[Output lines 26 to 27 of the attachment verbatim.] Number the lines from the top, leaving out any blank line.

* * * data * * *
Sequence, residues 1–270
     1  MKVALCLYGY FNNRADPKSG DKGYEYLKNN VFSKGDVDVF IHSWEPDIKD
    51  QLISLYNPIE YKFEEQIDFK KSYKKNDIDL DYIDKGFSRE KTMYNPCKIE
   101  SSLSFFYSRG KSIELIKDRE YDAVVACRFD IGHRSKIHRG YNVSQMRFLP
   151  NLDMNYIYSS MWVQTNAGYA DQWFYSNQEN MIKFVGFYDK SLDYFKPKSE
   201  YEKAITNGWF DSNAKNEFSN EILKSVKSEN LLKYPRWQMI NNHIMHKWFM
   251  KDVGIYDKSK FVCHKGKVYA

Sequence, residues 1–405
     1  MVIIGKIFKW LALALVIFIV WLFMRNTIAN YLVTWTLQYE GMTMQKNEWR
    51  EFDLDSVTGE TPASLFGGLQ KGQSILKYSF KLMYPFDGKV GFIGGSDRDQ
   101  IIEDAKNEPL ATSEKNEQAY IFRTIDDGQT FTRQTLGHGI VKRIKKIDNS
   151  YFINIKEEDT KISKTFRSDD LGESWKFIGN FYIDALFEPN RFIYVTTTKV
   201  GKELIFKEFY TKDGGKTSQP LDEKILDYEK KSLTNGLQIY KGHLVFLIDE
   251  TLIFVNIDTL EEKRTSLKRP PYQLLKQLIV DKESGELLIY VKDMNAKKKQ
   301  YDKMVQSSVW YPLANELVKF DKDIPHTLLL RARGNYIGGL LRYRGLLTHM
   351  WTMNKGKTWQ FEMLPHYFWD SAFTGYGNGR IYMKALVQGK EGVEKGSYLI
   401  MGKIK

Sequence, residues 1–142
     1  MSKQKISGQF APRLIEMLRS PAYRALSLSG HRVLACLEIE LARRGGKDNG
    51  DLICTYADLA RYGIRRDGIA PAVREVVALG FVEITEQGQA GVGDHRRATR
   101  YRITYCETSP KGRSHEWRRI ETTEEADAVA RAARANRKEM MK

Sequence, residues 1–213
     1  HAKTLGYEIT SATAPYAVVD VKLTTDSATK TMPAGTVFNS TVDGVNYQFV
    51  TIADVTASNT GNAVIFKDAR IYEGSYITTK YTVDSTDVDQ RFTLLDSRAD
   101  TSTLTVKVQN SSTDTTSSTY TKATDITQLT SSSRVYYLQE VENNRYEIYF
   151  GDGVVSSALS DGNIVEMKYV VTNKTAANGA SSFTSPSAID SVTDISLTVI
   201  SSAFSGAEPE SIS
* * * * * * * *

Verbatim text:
   151  GDGVVSSALS DGNIVEMKYV VTNKTAANGA SSFTSPSAID SVTDISLTVI
   201  SSAFSGAEPE SIS